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Posted: February 09, 2012

The zen of the brand-trademark balance

Don't consider one without the other

Peter Lemire

When talking about the advertising, marketing and sales of a business’s goods or services, business and legal texts will generally talk about brands or trademarks; or, if they do address both, they deal with them as completely separate topics. As a student of both the business and legal worlds, I think this is a mistake.

While not necessarily synonyms, brand and trademarks are definitely symbiotic creatures and one should never be considered without the other. Both terms are related in that they refer to the same things – identifiers of goods and services in the market place. One is a business term (brand) and one is legal (trademark). 

Trademark rights are the mechanism a business uses to protect the goodwill and name recognition it has developed in a brand. Marketing professionals like certain brands because of the commercial impression they project, how they resonate with consumers, and may other factors. Attorneys like certain trademarks because of their strength, breadth, and protectability. The successful business attempts to achieve the Zen-like state of balance between the two.

Oftentimes, a fledgling business utilizes a common marketing strategy of adopting a brand that describes what the goods or services are. The rationale is that the company can skimp on marketing because the brand makes it obvious to the consumer what the product or service is used for or does. While this may be true, it is a very short-sighted approach. As the company expands its sales, the brand may gain value due to the goodwill and name recognition it has with consumers. As this happens, competitors or newcomers to the market might attempt to ride on the coattails of the company’s success by selling products or services with a similar name. This is when the law of trademarks kicks in and decisions that were made years ago will now determine whether the company can protect its brand from the wolves.

There are two examples from Colorado that provide a great illustration of what can happen when a company chooses a brand that is vulnerable under the law. The first involves the iconic ski resort Vail. The case, which went to the 10th Circuit court of appeals involved Vail Associates, Inc.’s attempt to prevent a third party’s use of 1-800 SKI VAIL to advertise its vacation booking services. 

Ultimately, the courts ruled against Vail Associates and found no infringement. There are a multitude of factors in the case, but the most telling is the stinging assessment of the strength of the Vail trademark. The court noted that Vail was geographically descriptive since Vail Pass and the town of Vail were both established before the ski area started operations. The court chastised Vail Associates for the choice of brands stating, ”If some confusion exists, such is the risk VA [Vail Associates] accepted when it decided to identify its services with a single word that is geographically descriptive.”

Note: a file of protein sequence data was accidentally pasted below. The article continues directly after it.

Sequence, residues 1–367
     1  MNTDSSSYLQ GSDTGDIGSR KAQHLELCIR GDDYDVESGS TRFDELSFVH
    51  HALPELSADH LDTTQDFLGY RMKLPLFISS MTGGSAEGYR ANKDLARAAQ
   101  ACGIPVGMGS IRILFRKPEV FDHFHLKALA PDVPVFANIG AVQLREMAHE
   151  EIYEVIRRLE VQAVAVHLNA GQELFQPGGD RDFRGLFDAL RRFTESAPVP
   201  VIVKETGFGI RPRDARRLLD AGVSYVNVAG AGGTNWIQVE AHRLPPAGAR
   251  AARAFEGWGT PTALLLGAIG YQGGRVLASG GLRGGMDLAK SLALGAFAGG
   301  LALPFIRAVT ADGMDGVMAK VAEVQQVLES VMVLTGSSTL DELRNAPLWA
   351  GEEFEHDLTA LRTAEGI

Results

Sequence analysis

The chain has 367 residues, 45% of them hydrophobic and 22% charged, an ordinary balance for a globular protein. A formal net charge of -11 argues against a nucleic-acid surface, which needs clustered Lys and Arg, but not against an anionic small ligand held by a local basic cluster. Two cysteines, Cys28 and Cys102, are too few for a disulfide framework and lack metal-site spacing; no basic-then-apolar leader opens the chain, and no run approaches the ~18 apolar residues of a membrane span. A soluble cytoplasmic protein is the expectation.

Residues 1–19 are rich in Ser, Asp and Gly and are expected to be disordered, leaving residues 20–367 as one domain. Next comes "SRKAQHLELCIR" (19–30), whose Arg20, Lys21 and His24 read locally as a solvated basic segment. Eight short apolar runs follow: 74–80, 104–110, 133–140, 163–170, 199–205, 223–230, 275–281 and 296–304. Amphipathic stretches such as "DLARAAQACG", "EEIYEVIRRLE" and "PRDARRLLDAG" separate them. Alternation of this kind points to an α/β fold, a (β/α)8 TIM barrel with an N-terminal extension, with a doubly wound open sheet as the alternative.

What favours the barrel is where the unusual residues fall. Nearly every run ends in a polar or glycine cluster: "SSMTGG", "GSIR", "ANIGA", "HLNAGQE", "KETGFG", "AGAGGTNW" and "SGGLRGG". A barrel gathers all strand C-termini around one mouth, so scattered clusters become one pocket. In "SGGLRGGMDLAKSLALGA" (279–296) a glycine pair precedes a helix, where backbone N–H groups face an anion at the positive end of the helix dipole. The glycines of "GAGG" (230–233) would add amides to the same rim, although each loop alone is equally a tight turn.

The second example involves the University of Denver’s heartburn over Metro State’s decision to change its name. The story made its way to an editorial in The Denver Post, and most recently, a letter from the Chancellor of DU, Robert D. Coombeto. In his letter the chancellor attempted to separate the issues of brand confusion and trademarks. He only mentioned trademarks once in passing and focused more on “brand confusion.”

This signals (in my humble opinion) that DU Cannot protect itself under the law. The sole purpose of trademark law is to prevent brand confusion and protect goodwill. DU’s mark is merely descriptive of its services and location. While it may be protectable as a trademark because it has acquired secondary meaning, the mark is weak – just like Vail. 

Because the mark is weak, its protection is very narrow and the name proposed by Metro State last year probably would not be considered infringing under the law (Denver State University). Without any legal remedy to prevent the brand confusion, DU’s only option is to attempt to affect Metro’s decision through public pressure; hence, the letter to alumni.

The time surrounding the launch of a product or service is hectic and oftentimes filled with chaos. When going through its branding process, if a company does not step back and take a look at how protectable the brand is under the law it could have dire consequences in the future when the company is unable to protect itself from the wolves. That is not to say that the legal aspect should control the process, however the sophisticated company attempts to strike a balance between the marketability of a brand and the protectability of the brand. If not, the company could end up with a highly marketable brand that it cannot protect from the wolves who wish to steal its value.
 

Peter Lemire is a founding member of the intellectual property law boutique, Leyendecker & Lemire. Leyendecker & Lemire specialize in patents, trademarks and related complex civil litigation. Peter Lemire can be reached directly at 303.768.0641 or peter@coloradoiplaw.com. Visit www.coloradoiplaw.comfor further information, including Leyendecker & Lemire’s weekly blog, “Control, Protect & Leverage.” 

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